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Subjective well-being, comparisons and reference groups in post- apartheid South Africa Marisa Coetzee University of Stellenbosch South Africa 27 October.

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Presentation on theme: "Subjective well-being, comparisons and reference groups in post- apartheid South Africa Marisa Coetzee University of Stellenbosch South Africa 27 October."— Presentation transcript:

1 Subjective well-being, comparisons and reference groups in post- apartheid South Africa Marisa Coetzee University of Stellenbosch South Africa 27 October 2011

2  Background  Theoretical Framework  Data  Results  Conclusions Outline 2

3 Subjective well-being / happiness (SWB) Kingdon and Knight 2007 – the determinants of SWB in South Africa using 1993 PSLSD (SALDRU) data Conclusions (briefly): – Relative income more NB than absolute income – Relative income more NB than other relative measures (e.g. unemployment and education) – Households are altruistic towards other households within the same residential cluster but compete with households in the same district and racial group – South Africans’ reference groups divided along racial lines Background 3

4 Post apartheid, intra-race inequality has increased, while inter-race inequality decreased slightly. Have all attempts by the SA government to integrate society been successful? Pierre du Toit and Hennie Kotzè’s Liberal Democracy and Peace in South Africa (2011) Racial divide in apartheid legislation further entrenched by affirmative action – “the re-racialization of society” However, signs of racial integration from WVS data: Increased tolerance towards other race groups How does this affect South Africans’ reference group? Theoretical Framework 4

5 Data National Income Dynamics Study (NIDS) Sample of 7305 households (31170 individuals) All individuals aged >=16 were asked about their SWB First Wave (2008) 5

6 NIDS

7 However, no study verifying the results of Kingdon and Knight for post-apartheid SA Is race still a deciding factor in determining the SWB of South Africans or has democracy changed the reference group? Replicate the analysis by Kingdon and Knight (2007) but using NIDS data from 2008 Issues: NIDS has 10-point scale versus 5-point scale for PSLSD (SALDRU) data NIDS SWB question was asked at individual level, SALDRU at household level Have to therefore include individual- and household-level variables The question is … 7

8 african *** *** *** *** *** *** *** coloured asian hhurate asset_index0.0170***0.0172***0.0150***0.0146***0.0168***0.0162***0.0151*** lhhinc_pc0.1025***0.1017***0.0950***0.0978***0.1035***0.1000***0.1018*** Cluster hh umepl rate ** District hh umepl rate Cluster hh educ0.0340**0.0436***0.0370** District hh educ * District log hh pc income *** *** * Cluster log hh pc income N Notes: Reported results are coefficients from ordered probit regressions on subjective well-being categories. A full set of control variables are included, but not reported. *** significance at 1% level, ** significance at 5% level, * significance at 10% level. Subjective well-being and relative income across spatial reference groups 8

9 1234 african *** coloured asian hhurate asset_index0.0162***0.0160***0.0166***0.0161*** lhhinc_pc0.1000***0.0990***0.1112***0.1036** c_lnhhpci d_lnhhpci *** *** *** *** lrdm_inc rpctile rpctile rpctile rpctile N10444 Notes: Reported results are coefficients from ordered probit regressions on subjective well-being categories. A full set of control variables are included, but not reported. *** significance at 1% level, ** significance at 5% level, * significance at 10% level. Race-specific relative income 9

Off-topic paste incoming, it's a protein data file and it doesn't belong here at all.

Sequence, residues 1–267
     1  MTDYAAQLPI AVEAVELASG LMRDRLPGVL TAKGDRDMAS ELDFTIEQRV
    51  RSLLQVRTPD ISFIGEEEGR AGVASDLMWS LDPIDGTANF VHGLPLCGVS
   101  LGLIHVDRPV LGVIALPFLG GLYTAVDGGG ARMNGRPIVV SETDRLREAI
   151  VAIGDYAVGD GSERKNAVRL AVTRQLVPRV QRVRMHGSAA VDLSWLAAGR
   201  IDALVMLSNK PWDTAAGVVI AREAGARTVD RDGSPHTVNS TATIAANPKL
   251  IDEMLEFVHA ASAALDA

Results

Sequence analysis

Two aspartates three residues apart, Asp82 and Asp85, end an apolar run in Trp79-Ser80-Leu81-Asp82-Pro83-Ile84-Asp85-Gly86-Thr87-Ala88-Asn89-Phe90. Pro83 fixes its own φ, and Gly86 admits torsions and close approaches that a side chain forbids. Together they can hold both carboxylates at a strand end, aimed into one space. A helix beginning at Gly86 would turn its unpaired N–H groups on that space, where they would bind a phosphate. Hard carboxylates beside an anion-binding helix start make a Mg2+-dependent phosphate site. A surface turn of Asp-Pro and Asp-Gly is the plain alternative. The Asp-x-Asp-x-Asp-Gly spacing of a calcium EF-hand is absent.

10 Specification 1Specification 2 african *** *** coloured0.1879*0.2016** indian/asian asset index0.0134***0.0111** log of pc hh income0.0751***0.0564*** Relative household income to others in your village/suburb above average inc in village/suburb *** ** average inc in village/suburb *** *** below average inc in village/suburb *** *** much below average inc in village/suburb *** *** Relative household income to others in SA ladder rung 2 in SA0.3885*** ladder rung 3 in SA0.5003*** ladder rung 4 in SA0.6155*** ladder rung 5 in SA0.8839*** ladder rung 6 in SA1.0199** N Notes: A full set of control variables are included, but not reported. *** significance at 1% level, ** significance at 5% level, * significance at 10% level. The effect of Perceived Relative Income on subjective well-being 10

11 Below the R515 poverty lineAbove the R515 poverty line african ** coloured asian asset_index *** lhhinc_pc Relative household income to others in your village/suburb above average inc in village/suburb ** average inc in village/suburb *** ** below average inc in village/suburb *** *** much below average inc in village/suburb *** *** Relative household income to others in SA ladder rung 2 in SA ***0.3513*** ladder rung 3 in SA ***0.5936*** ladder rung 4 in SA ***0.7008*** ladder rung 5 in SA ***1.1244*** ladder rung 6 in SA *** N Notes: A full set of control variables are included, but not reported. *** significance at 1% level, ** significance at 5% level, * significance at 10% level. Perceived relative income and subjective well- being above and below the poverty line 11

12 Results from Kingdon and Knight’s study remain unchanged in relation to spatial reference groups Altruism appears to be one possible explanation for the positive effect of education and employment levels of other households However, racial division of reference groups seems to have changed Appears to be pointing in the direction of a more racially integrated society Conclusions 12


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